If you have a malfunctioned parking brake, the vehicle will continue to slip and slide after you pressed the lever. Sometimes, the brake only works half way when you press it, causing the vehicle to drag. These problems usually mean the brake cable needs replacing, which you can do yourself. Here are some tips to replace the parking brake cable.
Prepare to Work
For this project, you need:
- work gloves
- safety glasses
- closed toe shoes
- high-powered flashlight
- lug nut wrench
- socket wrench
- flat-blade screwdriver
- wire cutters
- two hydraulic jacks
- jack stands
- bricks or wheel chocks
Park the vehicle on level ground, and place wheel chocks or bricks at the front and back of the front tires to keep the vehicle from rolling. Raise the rear axle with the jack until you have room to get under the vehicle.
If you are in doubt about where to place the jack, consult your owner's manual.
Remove the Old Parking Brake Cable
Detach the hub cap, if there is one, and remove the rear wheel by loosening the lug nuts with the lug wrench. A lug nut wrench should be available in you vehicle's tire kit. If there's a brake drum cap, pull it off with the screwdriver, then use the socket wrench to pull off the nut.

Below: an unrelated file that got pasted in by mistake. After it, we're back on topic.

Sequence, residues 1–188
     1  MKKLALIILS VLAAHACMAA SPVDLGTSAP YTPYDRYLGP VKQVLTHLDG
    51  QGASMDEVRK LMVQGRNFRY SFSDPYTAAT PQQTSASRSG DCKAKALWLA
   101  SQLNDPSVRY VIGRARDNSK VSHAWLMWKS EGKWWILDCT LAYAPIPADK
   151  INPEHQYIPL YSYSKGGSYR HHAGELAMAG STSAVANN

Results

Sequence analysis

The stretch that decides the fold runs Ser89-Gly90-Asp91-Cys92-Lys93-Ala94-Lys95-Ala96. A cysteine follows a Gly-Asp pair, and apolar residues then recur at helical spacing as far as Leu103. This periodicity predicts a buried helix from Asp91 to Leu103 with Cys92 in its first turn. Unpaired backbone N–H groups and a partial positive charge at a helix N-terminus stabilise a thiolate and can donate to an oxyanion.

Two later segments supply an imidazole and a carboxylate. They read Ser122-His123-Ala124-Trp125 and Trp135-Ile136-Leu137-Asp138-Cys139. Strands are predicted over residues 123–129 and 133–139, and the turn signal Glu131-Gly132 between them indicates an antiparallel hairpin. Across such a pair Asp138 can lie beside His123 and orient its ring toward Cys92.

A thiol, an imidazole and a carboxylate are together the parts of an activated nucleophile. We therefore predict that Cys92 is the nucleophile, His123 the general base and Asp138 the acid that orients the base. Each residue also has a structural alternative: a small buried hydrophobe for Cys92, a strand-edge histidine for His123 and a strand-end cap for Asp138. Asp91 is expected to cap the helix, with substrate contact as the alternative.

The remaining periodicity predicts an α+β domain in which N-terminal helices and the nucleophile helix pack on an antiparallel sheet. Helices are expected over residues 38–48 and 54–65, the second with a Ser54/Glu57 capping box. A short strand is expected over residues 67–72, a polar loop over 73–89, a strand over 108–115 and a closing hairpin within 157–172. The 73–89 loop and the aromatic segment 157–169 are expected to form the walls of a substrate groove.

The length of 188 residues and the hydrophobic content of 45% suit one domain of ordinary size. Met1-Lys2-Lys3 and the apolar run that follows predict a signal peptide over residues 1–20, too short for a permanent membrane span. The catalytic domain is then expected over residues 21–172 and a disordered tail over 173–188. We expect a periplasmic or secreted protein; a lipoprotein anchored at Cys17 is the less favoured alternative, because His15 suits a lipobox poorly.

Shine a flashlight on the work area. Find the rubber ball attached to the brake handle, and loosen the adjusting nuts on each side of the cable with the socket wrench. Use the wire cutters to grab the rubber ball, and push the ball to the back.
Slide the cable from the connector plate until you reach the parking brake assembly in front, and detach clips or clamps. Don't discard the clips or clamps, because you'll reuse them later.
Grasp the ball with the wire cutters, then pull the cable from the grove in the pedal assembly. Grip the clip securing the cable to the hole with the pliers, move it back and forth to free the cable.
Install the New Parking Brake Cable
Lubricate the new brake cable, push it through the opening, and press the cable clip up with the screwdriver until it locks. Feed the cable through the groove on the pedal assembly; adjusting slack, and reinstall clamps or clips.
Insert the cable into the rear connection, then pull it tight with the wire cutters. Operate the brake to check for tension, and adjust the tension, if necessary, by loosening the nuts. Reinstall the tires and hub caps.
Take the vehicle off the jacks, and test the brake. If the parking brake still doesn't work, or you don't trust your skill, take it to an auto repair shop.